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Grade-specific experience, grade reassignments, and teacher turnover
ARTICLE

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Economics of Education Review Volume 46, Number 1, ISSN 0272-7757 Publisher: Elsevier Ltd

Abstract

This study documents that teacher turnover is strongly related to the pattern of grades that a teacher is asked to teach. Elementary teachers in North Carolina that teach the same grade in their first two years are approximately 20% more likely to stay than teachers who teach two different grades in their first two years of teaching. More generally, within total experience categories, teachers with the fewest years of grade-specific experience have the highest probability of turnover. We argue that this pattern is driven both by the disruption caused by grade reassignment and by the fact that teachers with stable grade assignments have effectively smaller workloads since they can reuse lesson plans and, more generally, apply grade-specific skills.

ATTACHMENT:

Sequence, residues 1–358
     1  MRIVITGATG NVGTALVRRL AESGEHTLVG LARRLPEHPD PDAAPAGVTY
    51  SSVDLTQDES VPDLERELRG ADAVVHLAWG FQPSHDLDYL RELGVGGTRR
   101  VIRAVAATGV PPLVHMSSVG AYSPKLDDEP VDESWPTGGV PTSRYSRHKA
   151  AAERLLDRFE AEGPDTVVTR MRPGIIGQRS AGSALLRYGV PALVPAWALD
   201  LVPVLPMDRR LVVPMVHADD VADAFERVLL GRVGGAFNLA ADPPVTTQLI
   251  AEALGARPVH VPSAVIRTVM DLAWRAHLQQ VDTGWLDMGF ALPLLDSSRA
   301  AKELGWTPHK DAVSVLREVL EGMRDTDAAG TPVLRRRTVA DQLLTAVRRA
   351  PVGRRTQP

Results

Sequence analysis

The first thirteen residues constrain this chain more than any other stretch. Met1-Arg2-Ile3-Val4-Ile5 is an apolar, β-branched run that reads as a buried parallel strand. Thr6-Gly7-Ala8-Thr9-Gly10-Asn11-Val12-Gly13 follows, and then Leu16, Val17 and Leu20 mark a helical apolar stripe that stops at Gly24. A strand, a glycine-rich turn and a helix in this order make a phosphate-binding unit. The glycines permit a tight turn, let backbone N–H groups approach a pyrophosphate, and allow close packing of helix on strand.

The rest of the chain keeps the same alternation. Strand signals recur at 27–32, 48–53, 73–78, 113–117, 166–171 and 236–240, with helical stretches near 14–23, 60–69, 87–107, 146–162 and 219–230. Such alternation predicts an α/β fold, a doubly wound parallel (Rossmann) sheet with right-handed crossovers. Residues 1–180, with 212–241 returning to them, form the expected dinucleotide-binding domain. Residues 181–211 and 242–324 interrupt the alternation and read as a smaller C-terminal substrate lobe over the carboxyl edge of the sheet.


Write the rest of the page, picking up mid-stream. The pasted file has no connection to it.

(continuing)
Citation

Ost, B. & Schiman, J.C. (2015). Grade-specific experience, grade reassignments, and teacher turnover. Economics of Education Review, 46(1), 112-126. Elsevier Ltd. Retrieved December 4, 2020 from .

This record was imported from Economics of Education Review on March 1, 2019. Economics of Education Review is a publication of Elsevier.

Full text is availabe on Science Direct: http://dx.doi.org/10.1016/j.econedurev.2015.03.004

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